Each year, as the focus shifted to a new grade level, HCPS administrators formed a new literacy curriculum committee specific to that grade, composed of teachers from all five magisterial districts, McQueen-Williams said. The committees have helped design and implement new standards and training efforts for teachers to use to improve student literacy.

Each elementary school in the county has a Reading Administrative Designee (RAD) who ensures that teachers are effectively implementing those training techniques. Based on data and feedback from the first quarter of this school year, officials directed additional funding to address specific areas of need countywide in their second-grade literacy efforts.

The school system also has assigned district literacy coaches to spend one or two days a week at each of the elementary schools that are struggling with student literacy.

“We all agree with the absolute fundamental importance of all our students being able to read,” Varina District School Board member John Montgomery said during the work session.

‘We know there is a problem’
Monday’s event followed an at-times oddly scripted format, in which RISC officials asked several direct questions of invited guests from HCPS, VCU Health System and CHAT (Church Hill Activities and Tutoring) seeking commitment to RISC’s educational and job-improvement efforts. The guests answered in “yes” or “no” format, as if under oath.

RISC members scattered throughout the venue then guided the audience whether to applaud and cheer or to remain silent following each answer. Organizers even conducted two “practice” responses at the beginning of the meeting, to illustrate how the audience should interpret the hand signals of the scattered RISC members.

Fairfield District School Board member Roscoe Cooper attended the meeting and told the audience that he would join RISC officials on their next trip to Baltimore this fall to observe direct instruction.

“I am here to listen and learn,” he said, to applause. “I am willing to go anywhere to see anyone who is doing anything to help our children to succeed.”

The school system is working to improve the reading skills of students who most need help, he said.

“We know that there is a problem with the reading level of our children and our scores, and we are going to assess it, address it and we are going to change it.”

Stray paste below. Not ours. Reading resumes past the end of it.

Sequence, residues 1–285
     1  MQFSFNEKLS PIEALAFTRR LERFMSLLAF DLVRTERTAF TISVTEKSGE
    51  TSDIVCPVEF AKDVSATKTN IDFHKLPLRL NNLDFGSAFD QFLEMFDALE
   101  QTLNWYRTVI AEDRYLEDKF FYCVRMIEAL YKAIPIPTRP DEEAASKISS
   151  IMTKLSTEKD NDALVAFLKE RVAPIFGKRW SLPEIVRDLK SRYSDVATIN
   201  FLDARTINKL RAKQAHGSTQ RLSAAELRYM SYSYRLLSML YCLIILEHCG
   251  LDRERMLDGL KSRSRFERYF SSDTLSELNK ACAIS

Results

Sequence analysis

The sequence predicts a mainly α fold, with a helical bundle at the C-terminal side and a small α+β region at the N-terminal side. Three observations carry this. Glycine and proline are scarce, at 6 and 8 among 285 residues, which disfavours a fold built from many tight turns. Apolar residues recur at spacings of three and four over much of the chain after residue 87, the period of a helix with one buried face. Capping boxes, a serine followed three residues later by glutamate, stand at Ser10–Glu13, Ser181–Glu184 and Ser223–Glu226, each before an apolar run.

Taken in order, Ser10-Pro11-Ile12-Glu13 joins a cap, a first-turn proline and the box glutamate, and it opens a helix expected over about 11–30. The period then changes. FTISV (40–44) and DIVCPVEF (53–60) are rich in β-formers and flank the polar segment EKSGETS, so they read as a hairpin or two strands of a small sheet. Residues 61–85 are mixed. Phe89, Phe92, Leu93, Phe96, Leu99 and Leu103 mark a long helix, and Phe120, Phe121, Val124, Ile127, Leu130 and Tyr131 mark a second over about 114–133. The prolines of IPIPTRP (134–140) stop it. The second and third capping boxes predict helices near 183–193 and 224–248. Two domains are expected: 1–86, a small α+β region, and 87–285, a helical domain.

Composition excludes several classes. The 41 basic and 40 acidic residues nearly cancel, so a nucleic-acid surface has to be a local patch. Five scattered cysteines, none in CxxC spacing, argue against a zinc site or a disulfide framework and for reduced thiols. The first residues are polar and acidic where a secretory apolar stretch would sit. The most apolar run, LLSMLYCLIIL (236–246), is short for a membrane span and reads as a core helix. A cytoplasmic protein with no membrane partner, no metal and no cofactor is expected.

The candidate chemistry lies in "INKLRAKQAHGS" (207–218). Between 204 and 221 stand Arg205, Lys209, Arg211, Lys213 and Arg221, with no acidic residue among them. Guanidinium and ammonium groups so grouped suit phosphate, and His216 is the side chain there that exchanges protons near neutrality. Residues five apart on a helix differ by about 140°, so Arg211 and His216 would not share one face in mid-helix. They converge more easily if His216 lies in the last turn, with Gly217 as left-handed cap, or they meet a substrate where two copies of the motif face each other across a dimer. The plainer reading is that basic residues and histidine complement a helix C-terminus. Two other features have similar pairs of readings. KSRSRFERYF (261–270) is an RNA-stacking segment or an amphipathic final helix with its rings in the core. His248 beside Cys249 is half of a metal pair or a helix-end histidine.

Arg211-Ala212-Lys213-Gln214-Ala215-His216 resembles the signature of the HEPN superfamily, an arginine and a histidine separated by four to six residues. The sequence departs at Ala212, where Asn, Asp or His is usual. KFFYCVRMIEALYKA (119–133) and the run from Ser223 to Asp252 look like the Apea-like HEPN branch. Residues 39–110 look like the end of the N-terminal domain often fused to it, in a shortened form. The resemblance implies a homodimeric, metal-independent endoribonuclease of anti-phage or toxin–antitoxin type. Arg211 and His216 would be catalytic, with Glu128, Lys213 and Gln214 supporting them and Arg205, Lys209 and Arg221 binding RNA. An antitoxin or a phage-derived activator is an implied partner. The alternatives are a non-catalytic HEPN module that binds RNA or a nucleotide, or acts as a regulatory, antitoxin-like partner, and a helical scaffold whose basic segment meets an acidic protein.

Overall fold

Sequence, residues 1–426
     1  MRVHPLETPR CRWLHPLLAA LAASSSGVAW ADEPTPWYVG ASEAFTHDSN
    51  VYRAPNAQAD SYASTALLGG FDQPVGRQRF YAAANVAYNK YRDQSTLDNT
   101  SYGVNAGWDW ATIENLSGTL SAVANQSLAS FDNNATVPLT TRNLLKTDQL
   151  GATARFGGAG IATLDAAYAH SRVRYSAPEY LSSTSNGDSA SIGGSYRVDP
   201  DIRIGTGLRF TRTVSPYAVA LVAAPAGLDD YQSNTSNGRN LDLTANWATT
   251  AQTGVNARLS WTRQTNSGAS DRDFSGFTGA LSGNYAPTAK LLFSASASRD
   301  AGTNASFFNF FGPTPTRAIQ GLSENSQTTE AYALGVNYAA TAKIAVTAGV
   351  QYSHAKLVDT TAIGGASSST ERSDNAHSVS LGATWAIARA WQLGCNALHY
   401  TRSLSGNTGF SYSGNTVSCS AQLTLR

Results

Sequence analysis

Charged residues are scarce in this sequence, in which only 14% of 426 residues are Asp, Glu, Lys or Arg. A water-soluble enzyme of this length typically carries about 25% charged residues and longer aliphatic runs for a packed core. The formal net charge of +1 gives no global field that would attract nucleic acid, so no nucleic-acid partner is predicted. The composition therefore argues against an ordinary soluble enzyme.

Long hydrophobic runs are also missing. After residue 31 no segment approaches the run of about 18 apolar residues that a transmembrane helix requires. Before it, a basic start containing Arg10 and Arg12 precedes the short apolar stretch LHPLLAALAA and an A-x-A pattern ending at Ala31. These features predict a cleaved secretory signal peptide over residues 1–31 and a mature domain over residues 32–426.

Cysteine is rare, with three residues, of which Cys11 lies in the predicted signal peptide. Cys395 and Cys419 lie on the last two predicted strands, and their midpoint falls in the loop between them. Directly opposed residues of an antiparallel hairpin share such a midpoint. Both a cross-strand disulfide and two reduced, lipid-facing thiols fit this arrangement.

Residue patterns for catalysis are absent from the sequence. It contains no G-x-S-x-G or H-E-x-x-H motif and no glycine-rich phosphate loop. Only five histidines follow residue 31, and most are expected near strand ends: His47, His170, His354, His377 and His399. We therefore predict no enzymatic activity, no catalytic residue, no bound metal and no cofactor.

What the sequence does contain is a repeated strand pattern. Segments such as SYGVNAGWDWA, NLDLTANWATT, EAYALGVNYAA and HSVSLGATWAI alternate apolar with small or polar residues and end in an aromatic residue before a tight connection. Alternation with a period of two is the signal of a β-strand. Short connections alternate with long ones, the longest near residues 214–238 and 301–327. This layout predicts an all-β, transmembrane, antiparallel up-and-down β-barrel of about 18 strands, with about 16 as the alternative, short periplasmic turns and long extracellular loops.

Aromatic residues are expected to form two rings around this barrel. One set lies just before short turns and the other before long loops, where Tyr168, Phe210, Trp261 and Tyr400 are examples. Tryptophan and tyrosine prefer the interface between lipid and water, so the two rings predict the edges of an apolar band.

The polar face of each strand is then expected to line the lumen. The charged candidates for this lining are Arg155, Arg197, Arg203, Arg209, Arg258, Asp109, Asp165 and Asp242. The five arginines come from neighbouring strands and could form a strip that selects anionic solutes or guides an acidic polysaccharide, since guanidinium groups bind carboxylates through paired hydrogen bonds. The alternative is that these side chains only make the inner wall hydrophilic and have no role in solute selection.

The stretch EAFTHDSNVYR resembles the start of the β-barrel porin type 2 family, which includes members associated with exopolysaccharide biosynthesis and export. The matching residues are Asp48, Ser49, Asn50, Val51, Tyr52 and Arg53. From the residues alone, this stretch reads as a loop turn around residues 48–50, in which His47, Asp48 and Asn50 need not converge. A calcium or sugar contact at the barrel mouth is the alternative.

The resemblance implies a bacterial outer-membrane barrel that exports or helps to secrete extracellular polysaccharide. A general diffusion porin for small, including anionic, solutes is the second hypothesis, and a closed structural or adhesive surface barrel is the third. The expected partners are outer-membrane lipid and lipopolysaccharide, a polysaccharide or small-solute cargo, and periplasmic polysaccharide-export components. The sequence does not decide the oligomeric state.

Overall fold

RISC officials vowed to continue to exert pressure on the school system to act on their recommendations.

“It will be our persistence and the power of our numbers that will persuade the powers that be,” said Rev. Brenda Summerset, minister of Christian education at Ebeneezer Baptist Church in Richmond and education chair for RISC. “Officials in Henrico County have not taken us seriously. We must become one of God’s plagues in the house of the Henrico County School Board. We must stand firm until every child in Henrico County can read and every teacher has the tools he or she needs.”

Summerset urged those in attendance to “swarm” the Henrico County School Board’s May 26 meeting to make their voices heard. RISC officials intend to present to the board hundreds of signed letters supporting their push for a pilot reading program. They handed out the letters to attendees of Monday’s event and collected them, with signatures, at its conclusion.

“We will win justice for these children,” Summerset said. “Let’s get ready to rise and irritate the power brokers to act.”

Also at Monday’s gathering, RISC officials introduced plans to work with the VCU Health System, HCA Virginia and Reynolds Community College to help identify, train and hire 350 medical workers from low-income communities.

All three organizations have committed to partner to make that goal – providing living-wage jobs for unemployed or underemployed residents while filling critical hospital positions at the same time – a reality.